Prepare Your Cat for Your New Baby
Before ... continued...
If the litter box has been kept in the soon-to-be nursery, begin several months ahead of time to move it a few inches a day to its new location. If the transition is made too quickly, your cat may return to soil in his old spot. Covering that area with a solid object like a diaper pail or dresser may deter him.
Finally, any cat care routines that will be shifted from new mother to mate after the baby arrives should actually be switched one to two months before the birth. These might include feedings, grooming, play sessions and sleep partners/locations. If these were always shared activities, the change will make little difference to the cat. If not, the cat will need time to adjust to the style and skills of the new caregiver.
... And After Birth
When you first arrive home from the hospital, peacefully greet your cat in a quiet room without interruption. Once you've had a few minutes to reconnect, let in everyone else-mate, baby, grandparents, baby nurse and assorted well-wishers. Unless your cat is extremely social, he will flee the hoopla and go into hiding. Once things settle down, he will come tiptoeing back.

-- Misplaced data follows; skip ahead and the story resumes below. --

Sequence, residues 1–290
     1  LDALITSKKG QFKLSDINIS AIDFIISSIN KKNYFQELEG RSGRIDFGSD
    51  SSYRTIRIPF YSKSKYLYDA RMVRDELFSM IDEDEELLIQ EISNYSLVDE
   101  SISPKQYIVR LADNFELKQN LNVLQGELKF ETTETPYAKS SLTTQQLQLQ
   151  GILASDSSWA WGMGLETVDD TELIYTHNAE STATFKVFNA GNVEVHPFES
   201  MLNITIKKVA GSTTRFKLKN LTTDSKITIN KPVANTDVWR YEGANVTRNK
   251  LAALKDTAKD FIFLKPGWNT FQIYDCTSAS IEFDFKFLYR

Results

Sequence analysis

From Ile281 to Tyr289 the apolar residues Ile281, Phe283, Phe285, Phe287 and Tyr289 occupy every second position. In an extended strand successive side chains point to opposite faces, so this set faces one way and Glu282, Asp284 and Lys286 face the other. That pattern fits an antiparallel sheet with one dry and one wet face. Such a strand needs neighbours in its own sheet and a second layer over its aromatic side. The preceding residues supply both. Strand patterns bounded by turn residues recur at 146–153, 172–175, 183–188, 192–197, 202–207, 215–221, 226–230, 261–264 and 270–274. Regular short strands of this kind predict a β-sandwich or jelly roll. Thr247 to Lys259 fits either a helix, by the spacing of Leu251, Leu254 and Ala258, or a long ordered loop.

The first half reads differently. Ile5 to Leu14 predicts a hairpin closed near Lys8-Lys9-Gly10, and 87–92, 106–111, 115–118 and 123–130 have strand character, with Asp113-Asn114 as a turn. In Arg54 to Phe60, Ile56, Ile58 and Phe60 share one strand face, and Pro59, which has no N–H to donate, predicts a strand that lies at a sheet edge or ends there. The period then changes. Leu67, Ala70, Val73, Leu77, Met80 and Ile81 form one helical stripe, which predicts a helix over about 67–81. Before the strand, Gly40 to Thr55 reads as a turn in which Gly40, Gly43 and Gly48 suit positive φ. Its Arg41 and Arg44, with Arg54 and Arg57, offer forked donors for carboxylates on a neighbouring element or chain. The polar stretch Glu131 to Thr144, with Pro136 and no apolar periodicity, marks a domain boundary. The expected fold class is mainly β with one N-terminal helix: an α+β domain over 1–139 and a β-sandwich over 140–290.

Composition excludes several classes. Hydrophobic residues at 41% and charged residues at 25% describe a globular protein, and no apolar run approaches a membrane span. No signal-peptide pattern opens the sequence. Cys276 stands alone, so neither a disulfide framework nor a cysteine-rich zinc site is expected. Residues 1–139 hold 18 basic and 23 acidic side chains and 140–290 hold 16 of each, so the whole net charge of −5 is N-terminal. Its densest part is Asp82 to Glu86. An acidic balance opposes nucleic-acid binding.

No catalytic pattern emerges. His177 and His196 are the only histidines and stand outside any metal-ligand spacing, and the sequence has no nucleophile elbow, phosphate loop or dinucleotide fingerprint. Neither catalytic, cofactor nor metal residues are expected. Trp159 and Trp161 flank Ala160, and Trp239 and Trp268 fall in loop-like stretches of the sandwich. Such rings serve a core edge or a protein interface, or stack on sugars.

Place a used receiving blanket or piece of infantwear in a quiet area where the cat can investigate it. When nursing, allow the cat to approach and check things out. If he follows you into the nursery at naptime, make sure he doesn't jump into the crib. While there's certainly no truth to the myth that cats suck the air out of babies' lungs, a newborn does not have the capacity to turn over or even move her head at first. A heat-seeking cat who chooses to cuddle up close to the baby's face could make it difficult for the child to breathe. Close the door to the nursery when the baby is napping. If there is no door to close, either install a temporary screen door or place a crib tent over the crib to keep the cat out. These precautions also prevent the cat from urinating in the crib, something he may try if extremely stressed.